Academic journal article European Journal of Tourism Research

Why Service Recovery Fails: A Case Study on the Norwegian Coastal Voyage (Hurtigruten)

Academic journal article European Journal of Tourism Research

Why Service Recovery Fails: A Case Study on the Norwegian Coastal Voyage (Hurtigruten)

Article excerpt

Introduction

This paper reports on a service recovery study carried out on the Norwegian Coastal Voyage (NCV) or the Hurtigruten which is the brand name. The empirical context of the study is interesting due to historical-, cultural-, geographical- and tourism reasons. From an historical perspective, the Hurtigruten has united many small coastal settlements along the Norwegian coast from Bergen to Kirkenes for many decades (see map in Appendix 1 for geographical information). However, since the Hurtigruten is the most famous tourist attraction product in Norway, it's the tourism dimension that has brought this research into realisation. Therefore, the Hurtigruten constitutes an interesting arena for studying a set of service management issues, and one topic to examine is the area of service recovery. This topic is interesting from both a theoretical- and a practical perspective as more research on service recovery is called for (Michel et al., 2009), in addition to the fact that the cruise line industry is expanding and progressing economically (Biederman, 2008).

According to Hoffman and Bateson (1997), service failures are an inevitable part of service processes. Hence, service enterprises need to strengthen their knowledge and competencies on how to deliver quality services, with one way of doing this being to effectively deal with dissatisfied and complaining customers. Even so, a threat to service quality is that "research around the world has exposed the fact that most people do not complain" (Lovelock and Wright, 1999:134). For this reason, customers who actually complain are valuable for any service provider because they can provide first-hand information on service breakdowns. Thus, the effective use of this type of customer information may enhance the quality of services over time.

According to Grönroos (1988), service recovery concerns the actions that a company takes as a response to a service failure. The essence of these actions is that if something goes wrong during the different stages of service delivery and consumption, management must initiate actions to recover the customers from the service failures, as a good recovery can turn angry, frustrated and dissatisfied customers into satisfied and loyal ones (Hart et al., 1990; Brown et al., 1994). Consequently, effective service recovery constitutes an important part of total service quality management (Grönroos, 2006).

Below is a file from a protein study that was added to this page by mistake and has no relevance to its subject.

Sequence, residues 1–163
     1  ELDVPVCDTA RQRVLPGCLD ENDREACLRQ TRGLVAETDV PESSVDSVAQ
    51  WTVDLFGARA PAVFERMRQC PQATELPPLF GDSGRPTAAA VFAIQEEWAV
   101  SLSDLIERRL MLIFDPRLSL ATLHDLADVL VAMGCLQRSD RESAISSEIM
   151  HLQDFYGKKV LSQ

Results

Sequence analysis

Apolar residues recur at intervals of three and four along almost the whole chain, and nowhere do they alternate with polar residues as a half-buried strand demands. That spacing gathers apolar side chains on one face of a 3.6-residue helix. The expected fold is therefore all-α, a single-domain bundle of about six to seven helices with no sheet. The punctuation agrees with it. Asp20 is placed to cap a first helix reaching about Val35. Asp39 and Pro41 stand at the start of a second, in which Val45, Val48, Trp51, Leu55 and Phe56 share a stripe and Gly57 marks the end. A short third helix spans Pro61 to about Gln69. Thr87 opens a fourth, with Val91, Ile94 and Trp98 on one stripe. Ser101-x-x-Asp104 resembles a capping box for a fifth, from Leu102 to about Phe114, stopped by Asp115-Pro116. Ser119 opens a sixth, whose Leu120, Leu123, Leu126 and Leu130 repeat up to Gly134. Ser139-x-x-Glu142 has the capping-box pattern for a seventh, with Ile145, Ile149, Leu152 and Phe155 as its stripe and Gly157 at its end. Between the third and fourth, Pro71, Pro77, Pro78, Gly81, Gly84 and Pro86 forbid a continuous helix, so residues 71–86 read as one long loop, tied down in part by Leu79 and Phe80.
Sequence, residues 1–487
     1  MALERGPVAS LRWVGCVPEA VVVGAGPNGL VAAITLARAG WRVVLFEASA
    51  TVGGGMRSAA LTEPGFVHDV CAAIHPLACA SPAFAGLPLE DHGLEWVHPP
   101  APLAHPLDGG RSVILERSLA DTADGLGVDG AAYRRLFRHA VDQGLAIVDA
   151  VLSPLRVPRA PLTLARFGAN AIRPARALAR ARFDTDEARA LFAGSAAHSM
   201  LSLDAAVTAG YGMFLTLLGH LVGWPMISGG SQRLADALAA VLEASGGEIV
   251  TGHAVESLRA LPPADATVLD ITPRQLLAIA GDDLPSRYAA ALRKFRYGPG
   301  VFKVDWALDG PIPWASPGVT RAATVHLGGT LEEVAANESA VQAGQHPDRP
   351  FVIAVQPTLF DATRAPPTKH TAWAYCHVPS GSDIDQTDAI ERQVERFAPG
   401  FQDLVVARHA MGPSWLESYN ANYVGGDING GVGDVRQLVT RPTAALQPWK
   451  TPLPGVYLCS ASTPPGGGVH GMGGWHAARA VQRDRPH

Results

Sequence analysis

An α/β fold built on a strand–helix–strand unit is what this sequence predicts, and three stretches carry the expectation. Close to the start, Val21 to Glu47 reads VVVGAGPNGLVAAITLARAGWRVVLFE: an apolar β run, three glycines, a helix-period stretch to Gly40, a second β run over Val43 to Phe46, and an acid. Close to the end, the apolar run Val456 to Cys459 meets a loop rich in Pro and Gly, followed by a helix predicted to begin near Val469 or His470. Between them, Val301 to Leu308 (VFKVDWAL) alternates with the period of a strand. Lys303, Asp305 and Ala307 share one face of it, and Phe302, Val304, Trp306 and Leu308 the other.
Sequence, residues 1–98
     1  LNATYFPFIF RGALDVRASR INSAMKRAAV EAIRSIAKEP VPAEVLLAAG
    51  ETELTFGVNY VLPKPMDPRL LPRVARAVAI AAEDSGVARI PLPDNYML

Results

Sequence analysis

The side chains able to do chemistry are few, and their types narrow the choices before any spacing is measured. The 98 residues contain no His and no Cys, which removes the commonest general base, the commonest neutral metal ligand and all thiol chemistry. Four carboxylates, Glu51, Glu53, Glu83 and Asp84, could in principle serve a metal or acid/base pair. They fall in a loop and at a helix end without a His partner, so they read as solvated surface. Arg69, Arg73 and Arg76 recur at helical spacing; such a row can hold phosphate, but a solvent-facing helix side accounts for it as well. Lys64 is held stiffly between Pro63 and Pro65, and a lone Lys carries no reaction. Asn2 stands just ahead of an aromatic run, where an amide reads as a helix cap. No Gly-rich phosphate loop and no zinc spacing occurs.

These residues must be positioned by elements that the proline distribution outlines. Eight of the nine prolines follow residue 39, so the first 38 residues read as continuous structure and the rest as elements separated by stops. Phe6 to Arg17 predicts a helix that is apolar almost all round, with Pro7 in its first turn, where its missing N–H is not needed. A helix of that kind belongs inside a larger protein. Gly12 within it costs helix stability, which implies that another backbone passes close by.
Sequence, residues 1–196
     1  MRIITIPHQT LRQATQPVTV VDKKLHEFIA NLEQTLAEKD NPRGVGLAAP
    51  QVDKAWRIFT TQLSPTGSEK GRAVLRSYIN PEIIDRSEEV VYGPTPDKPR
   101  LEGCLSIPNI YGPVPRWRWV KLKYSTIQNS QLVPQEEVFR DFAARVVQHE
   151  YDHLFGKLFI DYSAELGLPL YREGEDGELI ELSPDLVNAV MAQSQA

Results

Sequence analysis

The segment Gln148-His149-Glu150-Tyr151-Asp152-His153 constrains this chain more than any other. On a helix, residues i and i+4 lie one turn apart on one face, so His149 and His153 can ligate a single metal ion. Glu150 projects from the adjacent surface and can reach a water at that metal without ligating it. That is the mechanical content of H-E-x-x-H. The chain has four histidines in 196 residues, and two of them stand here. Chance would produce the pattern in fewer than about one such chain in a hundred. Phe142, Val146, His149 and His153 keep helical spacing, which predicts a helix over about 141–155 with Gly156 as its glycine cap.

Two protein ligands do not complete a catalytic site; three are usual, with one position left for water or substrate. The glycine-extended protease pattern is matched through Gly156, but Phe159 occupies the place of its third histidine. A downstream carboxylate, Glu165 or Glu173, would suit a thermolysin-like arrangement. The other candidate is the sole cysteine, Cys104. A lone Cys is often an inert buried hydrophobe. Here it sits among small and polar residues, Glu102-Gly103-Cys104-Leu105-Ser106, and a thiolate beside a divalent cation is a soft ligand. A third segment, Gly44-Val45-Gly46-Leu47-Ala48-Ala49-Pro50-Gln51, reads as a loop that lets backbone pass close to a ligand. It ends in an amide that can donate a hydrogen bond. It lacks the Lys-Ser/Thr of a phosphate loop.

From a tourist's perspective, the most immediate evidence of service quality occurs in the service encounters or in the "moments of truth" when the tourists interact with the service personnel (Czepiel, 1990; Grönroos, 2006). Because the cruise line industry features a high degree of extensive interactions between the service employees and the tourists, there are many opportunities for service failures to occur during the various stages of service delivery. When service failures take place, as they most probably will, they have to be adequately treated by the service provider with the use of effective service recovery management (Michel et al., 2009; Skaalsvik, 2011 b). However, according to Johnston and Michel (2008), many organisations need to develop their recovery programmes and procedures. As a matter of fact, according to Hoffman and Bateson (1997:335), "an important but often forgotten management tool is the art of service recovery". Thus, to understand why service recovery fails is beneficial for the practice of effective service recovery management (Michel et al., 2009).

The aim of this paper is to examine why service recovery failed in a set of service failure incidents on the Hurtigruten. In order to accomplish this, the paper is organised into six parts. Following this introduction, the second part constitutes a targeted review of the empirical research on services recovery. In part 3, a set of methodology details is outlined and discussed, while part 4 entails the research findings. A discussion of the research findings follows in part 5, and part 6 ends the paper by addressing the implications of the research findings and drawing a series of conclusions. …

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